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Mediators of Inflammation
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Acceptance rate35%
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CiteScore3.570
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Anti-Inflammatory and Antioxidant Activities of the Methanolic Extract of Cyrtocarpa procera Bark Reduces the Severity of Ulcerative Colitis in a Chemically Induced Colitis Model

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 Journal profile

Mediators of Inflammation publishes papers on all types of inflammatory mediators, including cytokines, histamine, bradykinin, prostaglandins, leukotrienes, PAF, biological response modifiers and the family of cell adhesion-promoting molecules

 Editor spotlight

Chief Editor, Professor Agrawal, is an Assistant Clinical Professor of the Division of Basic and Clinical Immunology. Dr. Agrawal's research focuses on the dendritic cells of the immune system in the context of aging and autoimmunity.

 Special Issues

We currently have a number of Special Issues open for submission. Special Issues highlight emerging areas of research within a field, or provide a venue for a deeper investigation into an existing research area.

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Research Article

Enhanced Wound Healing- and Inflammasome-Associated Gene Expression in TNFAIP3-Interacting Protein 1- (TNIP1-) Deficient HaCaT Keratinocytes Parallels Reduced Reepithelialization

TNIP1 protein is a widely expressed, cytoplasmic inhibitor of inflammatory signaling initiated by membrane receptors such as TLRs which recognize pathogen-associated and damage-associated molecular patterns (PAMPs and DAMPs). Keratinocyte TNIP1 deficiency sensitizes cells to PAMPs and DAMPs promoting hyperresponsive expression and secretion of cytokine markers (e.g., IL-8 and IL-6) relevant to cases of chronic inflammation, like psoriasis, where TNIP1 deficiency has been reported. Here, we examined the impact of TNIP1 deficiency on gene expression and cellular responses (migration and viability) relevant to acute inflammation as typically occurs in wound healing. Using siRNA-mediated TNIP1 expression knockdown in cultured HaCaT keratinocytes, we investigated TNIP1 deficiency effects on signaling downstream of TLR3 agonism with low-concentration poly (I:C), a representative PAMP/DAMP. The combination of TNIP1 knockdown and PAMP/DAMP signaling disrupted expression of specific keratinocyte differentiation markers (e.g., transglutaminase 1 and involucrin). These same conditions promoted synergistically increased expression of wound-associated markers (e.g., S100A8, TGFβ, and CCN2) suggesting potential benefit of increased inflammatory response from reduced TNIP1 protein. Unexpectedly, poly (I:C) challenge of TNIP1-deficient cells restricted reepithelialization and reduced cell viability. In these cells, there was not only increased expression for genes associated with inflammasome assembly (e.g., ASC, procaspase 1) but also for A20, a TNIP1 partner protein that represses cell-death signaling. Despite this possibly compensatory increase in A20 mRNA, there was a decrease in phospho-A20 protein, the form necessary for quenching inflammation. Hyperresponsiveness to poly (I:C) in TNIP1-deficient keratinocytes was in part mediated through p38 and JNK pathways. Taken together, we conclude that TNIP1 deficiency promotes enhanced expression of factors associated with promoting wound healing. However, the coupled, increased potential priming of the inflammasome and reduced compensatory activity of A20 has a net negative effect on overall cell recovery potential manifested by poor reepithelialization and viability. These findings suggest a previously unrecognized role for TNIP1 protein in limiting inflammation during successful progression through early wound healing stages.

Research Article

Predictors for Short-Term Efficacy of Allergen-Specific Sublingual Immunotherapy in Children with Allergic Rhinitis

Background.A good compliance in allergen-specific sublingual immunotherapy (SLIT) often comes from good short-term efficacy. We aimed to evaluate the pretreatment parameters which can predict the short-term clinical efficacy in children that underwent SLIT. Methods. 517 children with allergic rhinitis (AR) that underwent SLIT were recruited in this study. Baseline clinical characteristics and laboratory parameters were collected, and the clinical efficacy was evaluated using symptom and medication scores. A multivariate logistic regression model and receiver operating characteristic (ROC) curves were established. Results. A total of 303 (65%) in 466 children that underwent SLIT achieved short-term clinical efficacy. The time of using the air conditioner was negatively correlated with clinical efficacy, whereas the serum-specific IgE (s-IgE) levels, the serum IL-10 and IL-35 levels, and the s-IgE/total-IgE ratio were positively correlated with clinical efficacy. Conclusion. The time of using the air conditioner, serum-specific IgE (s-IgE) levels, serum IL-10 and IL-35 levels, and s-IgE/total-IgE ratio may be helpful for child selection before SLIT.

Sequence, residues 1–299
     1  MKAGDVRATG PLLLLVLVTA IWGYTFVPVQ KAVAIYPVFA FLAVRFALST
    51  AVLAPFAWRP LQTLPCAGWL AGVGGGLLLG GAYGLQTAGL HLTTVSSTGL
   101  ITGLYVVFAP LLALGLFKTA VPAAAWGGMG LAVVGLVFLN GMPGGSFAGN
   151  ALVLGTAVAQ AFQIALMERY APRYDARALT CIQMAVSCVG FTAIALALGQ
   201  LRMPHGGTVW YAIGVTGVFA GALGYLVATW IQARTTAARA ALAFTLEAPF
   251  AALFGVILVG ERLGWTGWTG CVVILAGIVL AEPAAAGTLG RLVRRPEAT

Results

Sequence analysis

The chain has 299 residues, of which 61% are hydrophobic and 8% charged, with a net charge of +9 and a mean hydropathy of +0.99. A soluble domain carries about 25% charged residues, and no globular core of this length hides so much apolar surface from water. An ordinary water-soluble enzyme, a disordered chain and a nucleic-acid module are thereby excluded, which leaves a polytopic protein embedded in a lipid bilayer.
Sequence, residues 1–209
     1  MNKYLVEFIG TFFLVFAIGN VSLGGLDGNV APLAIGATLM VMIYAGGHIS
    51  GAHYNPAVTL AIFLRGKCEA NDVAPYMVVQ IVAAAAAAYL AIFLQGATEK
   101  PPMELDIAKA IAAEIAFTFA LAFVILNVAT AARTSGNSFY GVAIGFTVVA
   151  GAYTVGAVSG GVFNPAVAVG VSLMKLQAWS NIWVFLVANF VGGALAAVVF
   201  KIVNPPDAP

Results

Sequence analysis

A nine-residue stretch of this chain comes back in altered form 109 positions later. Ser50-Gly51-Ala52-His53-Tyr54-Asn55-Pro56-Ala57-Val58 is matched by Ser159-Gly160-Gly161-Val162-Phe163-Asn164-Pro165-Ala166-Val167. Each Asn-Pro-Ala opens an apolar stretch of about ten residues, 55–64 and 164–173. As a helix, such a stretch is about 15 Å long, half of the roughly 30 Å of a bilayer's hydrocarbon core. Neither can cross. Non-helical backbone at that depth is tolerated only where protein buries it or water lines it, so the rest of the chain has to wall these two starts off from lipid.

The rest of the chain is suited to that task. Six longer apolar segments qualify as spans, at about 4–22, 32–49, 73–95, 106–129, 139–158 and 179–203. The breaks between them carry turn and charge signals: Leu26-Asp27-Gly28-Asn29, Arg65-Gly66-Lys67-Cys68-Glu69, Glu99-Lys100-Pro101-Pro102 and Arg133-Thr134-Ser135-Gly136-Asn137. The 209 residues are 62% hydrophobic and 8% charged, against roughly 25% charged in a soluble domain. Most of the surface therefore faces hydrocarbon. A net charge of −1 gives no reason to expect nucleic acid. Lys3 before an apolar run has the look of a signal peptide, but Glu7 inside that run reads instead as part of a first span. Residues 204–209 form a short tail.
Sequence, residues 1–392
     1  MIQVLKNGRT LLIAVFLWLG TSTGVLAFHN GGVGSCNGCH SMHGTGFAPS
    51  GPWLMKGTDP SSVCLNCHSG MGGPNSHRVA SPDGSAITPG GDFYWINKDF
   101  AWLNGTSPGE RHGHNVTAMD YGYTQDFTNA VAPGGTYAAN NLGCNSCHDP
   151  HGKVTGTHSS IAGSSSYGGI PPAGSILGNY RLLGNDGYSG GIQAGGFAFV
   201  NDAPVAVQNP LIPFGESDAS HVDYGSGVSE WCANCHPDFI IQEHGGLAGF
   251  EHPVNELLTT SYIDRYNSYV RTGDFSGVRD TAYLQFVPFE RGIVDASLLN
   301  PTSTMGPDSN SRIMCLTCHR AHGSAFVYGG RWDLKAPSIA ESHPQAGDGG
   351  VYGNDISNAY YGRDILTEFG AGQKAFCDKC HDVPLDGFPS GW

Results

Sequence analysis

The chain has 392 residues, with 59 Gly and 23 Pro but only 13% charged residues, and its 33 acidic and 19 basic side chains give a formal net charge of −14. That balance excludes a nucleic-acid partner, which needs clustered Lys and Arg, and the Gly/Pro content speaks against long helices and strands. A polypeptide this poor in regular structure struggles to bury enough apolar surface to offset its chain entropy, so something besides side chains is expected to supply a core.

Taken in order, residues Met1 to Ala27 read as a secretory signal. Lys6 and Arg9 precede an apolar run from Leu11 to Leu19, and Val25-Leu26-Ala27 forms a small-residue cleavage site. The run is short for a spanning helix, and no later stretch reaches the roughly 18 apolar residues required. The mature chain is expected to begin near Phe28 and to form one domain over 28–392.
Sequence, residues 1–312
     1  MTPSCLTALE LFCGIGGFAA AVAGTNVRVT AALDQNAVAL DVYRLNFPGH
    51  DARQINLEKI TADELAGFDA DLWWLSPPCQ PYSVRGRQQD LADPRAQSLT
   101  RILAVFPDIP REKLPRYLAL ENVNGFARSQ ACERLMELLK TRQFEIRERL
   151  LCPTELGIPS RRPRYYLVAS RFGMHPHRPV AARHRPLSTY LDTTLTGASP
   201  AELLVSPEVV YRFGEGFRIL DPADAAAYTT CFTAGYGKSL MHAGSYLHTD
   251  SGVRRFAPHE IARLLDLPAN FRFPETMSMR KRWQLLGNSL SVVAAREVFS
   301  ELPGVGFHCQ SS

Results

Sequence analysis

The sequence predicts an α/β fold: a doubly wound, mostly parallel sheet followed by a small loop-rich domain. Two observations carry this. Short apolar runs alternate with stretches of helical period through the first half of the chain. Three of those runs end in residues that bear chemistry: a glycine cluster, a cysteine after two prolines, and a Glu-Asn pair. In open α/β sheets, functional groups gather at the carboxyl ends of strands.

Review Article

Role of Mitochondrial Stress Protein HSP60 in Diabetes-Induced Neuroinflammation

Diabetes mellitus is the most common metabolic disorder characterized by hyperglycemia and associated malfunctions of the metabolism of carbohydrates, proteins, and lipids. There is increasing evidence of a relationship between diabetes and vascular dementia. Interestingly, hyperglycemia-linked neuroinflammation in the central nervous system is considered to play a key role during vascular dementia in diabetic patients. However, the mechanisms responsible for the relationship between hyperglycemia and neuroinflammation is not clearly understood. Diabetes-induced alternations in the blood-brain barrier permit high glucose influx into the brain cells via glucose transporters and promote oxidative stress through overproduction of reactive oxygen species. Despite many studies demonstrating a link between oxidative stress and mitochondrial dysfunction, the relationship between mitochondrial dysfunction and neuron inflammation during hyperglycemia remains to be established. In this review, we will focus on diabetes-induced changes in the central nervous system and the role of mitochondrial heat shock protein 60 (HSP60) as an initiator of oxidative stress and potential modulator of neuroinflammation. We suggest that oxidative stress-mediated mitochondrial dysfunction stimulates the upregulation of mitochondrial heat shock protein 60 (HSP60) and ultimately initiates inflammatory pathways by activating pattern recognition receptors. HSP60 also could be a focal point in the development of a biomarker of neuroinflammation as HSP60 is known to be significantly elevated in diabetic patients. Interestingly, extracellular secretion of HSP60 via exosomes suggests that inflammation could spread to neighboring astrocytes by activating pattern recognition receptors of astrocytes via neuronal exosomes containing HSP60. A mechanism for linking neuron and astrocyte inflammation will provide new therapeutic approaches to modulate neuroinflammation and therefore potentially ameliorate the cognitive impairment in diabetic brains associated with vascular dementia.